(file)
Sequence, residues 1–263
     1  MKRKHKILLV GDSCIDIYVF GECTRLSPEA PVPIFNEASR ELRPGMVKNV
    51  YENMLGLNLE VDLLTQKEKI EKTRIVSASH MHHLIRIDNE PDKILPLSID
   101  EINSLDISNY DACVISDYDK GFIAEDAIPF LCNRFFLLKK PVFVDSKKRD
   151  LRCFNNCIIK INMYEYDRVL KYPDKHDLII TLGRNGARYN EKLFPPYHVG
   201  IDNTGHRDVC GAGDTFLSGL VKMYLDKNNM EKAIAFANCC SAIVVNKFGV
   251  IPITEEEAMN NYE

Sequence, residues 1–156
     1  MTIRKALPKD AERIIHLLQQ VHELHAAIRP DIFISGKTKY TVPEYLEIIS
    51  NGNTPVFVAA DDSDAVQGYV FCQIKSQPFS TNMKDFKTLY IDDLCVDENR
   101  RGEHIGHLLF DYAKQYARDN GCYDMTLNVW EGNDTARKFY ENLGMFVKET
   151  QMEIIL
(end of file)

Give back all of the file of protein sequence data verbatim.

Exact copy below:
Sequence, residues 1–263
     1  MKRKHKILLV GDSCIDIYVF GECTRLSPEA PVPIFNEASR ELRPGMVKNV
    51  YENMLGLNLE VDLLTQKEKI EKTRIVSASH MHHLIRIDNE PDKILPLSID
   101  EINSLDISNY DACVISDYDK GFIAEDAIPF LCNRFFLLKK PVFVDSKKRD
   151  LRCFNNCIIK INMYEYDRVL KYPDKHDLII TLGRNGARYN EKLFPPYHVG
   201  IDNTGHRDVC GAGDTFLSGL VKMYLDKNNM EKAIAFANCC SAIVVNKFGV
   251  IPITEEEAMN NYE

Sequence, residues 1–156
     1  MTIRKALPKD AERIIHLLQQ VHELHAAIRP DIFISGKTKY TVPEYLEIIS
    51  NGNTPVFVAA DDSDAVQGYV FCQIKSQPFS TNMKDFKTLY IDDLCVDENR
   101  RGEHIGHLLF DYAKQYARDN GCYDMTLNVW EGNDTARKFY ENLGMFVKET
   151  QMEIIL